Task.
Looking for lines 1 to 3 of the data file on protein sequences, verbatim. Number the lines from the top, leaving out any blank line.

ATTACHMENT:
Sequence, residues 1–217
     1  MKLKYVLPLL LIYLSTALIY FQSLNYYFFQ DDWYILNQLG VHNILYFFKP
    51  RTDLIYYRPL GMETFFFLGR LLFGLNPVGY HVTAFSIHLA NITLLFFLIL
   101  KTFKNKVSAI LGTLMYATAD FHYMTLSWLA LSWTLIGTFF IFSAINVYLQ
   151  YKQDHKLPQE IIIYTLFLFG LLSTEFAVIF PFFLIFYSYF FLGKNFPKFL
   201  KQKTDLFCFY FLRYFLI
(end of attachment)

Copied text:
Sequence, residues 1–217
     1  MKLKYVLPLL LIYLSTALIY FQSLNYYFFQ DDWYILNQLG VHNILYFFKP
    51  RTDLIYYRPL GMETFFFLGR LLFGLNPVGY HVTAFSIHLA NITLLFFLIL